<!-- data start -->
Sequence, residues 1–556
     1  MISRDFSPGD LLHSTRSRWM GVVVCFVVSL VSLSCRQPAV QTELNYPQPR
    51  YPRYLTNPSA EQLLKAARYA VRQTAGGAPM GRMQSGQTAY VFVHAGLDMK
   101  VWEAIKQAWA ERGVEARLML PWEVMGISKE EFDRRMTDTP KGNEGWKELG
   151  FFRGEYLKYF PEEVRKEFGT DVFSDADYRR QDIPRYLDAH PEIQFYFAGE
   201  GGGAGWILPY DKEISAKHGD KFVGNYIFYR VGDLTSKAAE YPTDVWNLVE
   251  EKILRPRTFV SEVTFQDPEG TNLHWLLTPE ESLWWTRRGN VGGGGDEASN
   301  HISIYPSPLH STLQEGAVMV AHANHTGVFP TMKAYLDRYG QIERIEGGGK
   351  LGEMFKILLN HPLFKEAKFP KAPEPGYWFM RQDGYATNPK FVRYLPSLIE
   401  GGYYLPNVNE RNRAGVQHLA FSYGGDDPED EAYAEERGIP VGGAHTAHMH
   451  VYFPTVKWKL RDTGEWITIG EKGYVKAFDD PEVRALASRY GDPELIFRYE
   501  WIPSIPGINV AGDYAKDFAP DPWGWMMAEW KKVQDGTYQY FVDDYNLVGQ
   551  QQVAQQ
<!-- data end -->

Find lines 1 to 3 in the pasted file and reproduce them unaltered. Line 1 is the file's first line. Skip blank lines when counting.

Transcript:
Sequence, residues 1–556
     1  MISRDFSPGD LLHSTRSRWM GVVVCFVVSL VSLSCRQPAV QTELNYPQPR
    51  YPRYLTNPSA EQLLKAARYA VRQTAGGAPM GRMQSGQTAY VFVHAGLDMK